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Delaware bill strengthens missing child reporting requirements

Legislation motivated by a tabloid murder case last year is advancing in the Delaware General Assembly.

Members of the House of Representatives have unanimously passed a bill (HB 256) to strengthen requirements for reporting a missing child. 

Lawmakers were heavily lobbied last summer to consider a Delaware version of Caylee’s Law, named after Caylee Anthony.  The two-year-old girl Florida girl was reported missing by her grandmother nearly a month after she had last been seen with her mother in 2008.  The girl’s body was discovered near their home several months later.  Casey Anthony was found “not guilty” in her 2011 trial. 

“It’s absolutely critical when you have a missing child situation that it is reported as quickly as possible to increase the chances of finding the child,” House Majority Leader Peter Schwartzkopf (D-Rehoboth Beach) said.  Schwartzkopf, a retired state trooper, added that “we want to make sure there is no doubt that if a parent or guardian does not report a missing child, they will face consequences.”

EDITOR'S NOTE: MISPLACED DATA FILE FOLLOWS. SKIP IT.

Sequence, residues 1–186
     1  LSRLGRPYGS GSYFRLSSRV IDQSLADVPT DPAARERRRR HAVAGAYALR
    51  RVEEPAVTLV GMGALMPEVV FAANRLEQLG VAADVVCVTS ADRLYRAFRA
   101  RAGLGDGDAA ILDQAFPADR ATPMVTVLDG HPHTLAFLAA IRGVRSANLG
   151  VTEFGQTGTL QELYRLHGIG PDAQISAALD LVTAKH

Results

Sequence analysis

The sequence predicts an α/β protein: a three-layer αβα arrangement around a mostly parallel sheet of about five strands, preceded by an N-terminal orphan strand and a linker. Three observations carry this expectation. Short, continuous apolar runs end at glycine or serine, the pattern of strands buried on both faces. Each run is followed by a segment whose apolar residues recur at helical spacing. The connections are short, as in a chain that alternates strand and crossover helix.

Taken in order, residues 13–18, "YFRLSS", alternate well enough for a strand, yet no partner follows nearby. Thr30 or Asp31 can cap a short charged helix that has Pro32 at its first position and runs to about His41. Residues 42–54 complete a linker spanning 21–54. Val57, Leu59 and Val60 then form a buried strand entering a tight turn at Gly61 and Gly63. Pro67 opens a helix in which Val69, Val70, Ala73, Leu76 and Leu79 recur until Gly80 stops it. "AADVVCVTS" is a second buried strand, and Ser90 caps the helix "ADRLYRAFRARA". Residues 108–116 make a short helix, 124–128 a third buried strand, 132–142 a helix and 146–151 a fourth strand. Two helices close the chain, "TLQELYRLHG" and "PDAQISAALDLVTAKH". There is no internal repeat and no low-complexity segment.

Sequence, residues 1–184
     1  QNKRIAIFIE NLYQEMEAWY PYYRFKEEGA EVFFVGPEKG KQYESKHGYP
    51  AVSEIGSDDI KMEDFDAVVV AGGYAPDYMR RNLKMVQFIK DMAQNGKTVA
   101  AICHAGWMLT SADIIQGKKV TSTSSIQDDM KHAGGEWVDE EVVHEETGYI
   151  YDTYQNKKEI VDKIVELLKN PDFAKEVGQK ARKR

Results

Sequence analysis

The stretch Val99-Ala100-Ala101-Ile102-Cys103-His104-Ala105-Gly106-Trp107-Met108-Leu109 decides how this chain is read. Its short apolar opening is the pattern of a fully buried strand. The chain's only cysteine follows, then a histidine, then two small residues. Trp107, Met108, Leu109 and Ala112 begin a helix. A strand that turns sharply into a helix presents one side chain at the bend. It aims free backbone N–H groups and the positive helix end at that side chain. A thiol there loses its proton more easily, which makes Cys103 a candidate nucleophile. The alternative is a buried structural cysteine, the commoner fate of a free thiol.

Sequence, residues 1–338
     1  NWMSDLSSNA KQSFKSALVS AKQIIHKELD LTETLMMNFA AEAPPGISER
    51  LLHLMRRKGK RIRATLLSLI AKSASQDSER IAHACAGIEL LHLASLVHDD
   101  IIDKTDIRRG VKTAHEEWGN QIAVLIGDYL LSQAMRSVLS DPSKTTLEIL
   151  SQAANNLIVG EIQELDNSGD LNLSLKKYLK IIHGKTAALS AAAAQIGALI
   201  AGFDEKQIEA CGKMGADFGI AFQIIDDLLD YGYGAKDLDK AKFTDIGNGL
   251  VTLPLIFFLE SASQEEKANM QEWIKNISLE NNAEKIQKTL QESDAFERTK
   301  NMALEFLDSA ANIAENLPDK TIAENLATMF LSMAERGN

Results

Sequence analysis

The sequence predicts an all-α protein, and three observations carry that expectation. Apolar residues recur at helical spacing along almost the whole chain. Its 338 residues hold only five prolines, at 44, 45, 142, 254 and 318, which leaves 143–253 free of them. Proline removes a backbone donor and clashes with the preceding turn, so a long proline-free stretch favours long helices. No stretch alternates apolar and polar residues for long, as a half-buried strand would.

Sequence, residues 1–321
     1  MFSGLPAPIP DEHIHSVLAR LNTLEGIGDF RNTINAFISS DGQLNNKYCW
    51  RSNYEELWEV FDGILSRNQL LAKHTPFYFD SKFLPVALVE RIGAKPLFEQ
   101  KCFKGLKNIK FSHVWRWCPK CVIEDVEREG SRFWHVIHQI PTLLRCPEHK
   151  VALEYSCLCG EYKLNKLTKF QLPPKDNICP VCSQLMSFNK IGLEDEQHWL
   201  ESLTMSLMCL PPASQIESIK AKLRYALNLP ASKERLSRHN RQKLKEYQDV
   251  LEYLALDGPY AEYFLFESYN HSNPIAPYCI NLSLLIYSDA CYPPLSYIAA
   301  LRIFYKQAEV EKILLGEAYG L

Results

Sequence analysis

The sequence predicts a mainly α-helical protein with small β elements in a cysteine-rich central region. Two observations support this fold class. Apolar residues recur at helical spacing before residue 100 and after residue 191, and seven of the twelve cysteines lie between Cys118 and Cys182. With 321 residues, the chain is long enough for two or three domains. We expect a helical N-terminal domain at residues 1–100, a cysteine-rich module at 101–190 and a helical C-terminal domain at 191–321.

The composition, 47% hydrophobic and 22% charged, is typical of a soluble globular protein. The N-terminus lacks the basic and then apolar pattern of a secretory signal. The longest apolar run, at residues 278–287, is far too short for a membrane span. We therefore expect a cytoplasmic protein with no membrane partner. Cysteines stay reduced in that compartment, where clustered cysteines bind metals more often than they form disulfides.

The bill would subject a person to a charge of endangering the welfare of a child if he or she fails to report a missing child and the child becomes neglected or is harmed as a result. 

The legislation followed a review from Attorney General Beau Biden, who was asked by lawmakers to consider the viability of a Delaware law and how it could fit into the Delaware Code.  Biden suggested a small addition to clarify the parent’s reporting responsibility.  The bill adds “including failing to report a missing child” to the crime of endangering the welfare of a child.  The crime is punishable by up to five years in prison, depending on whether the child is harmed or dies as a result of the neglect.

The bill heads to the Delaware State Senate.

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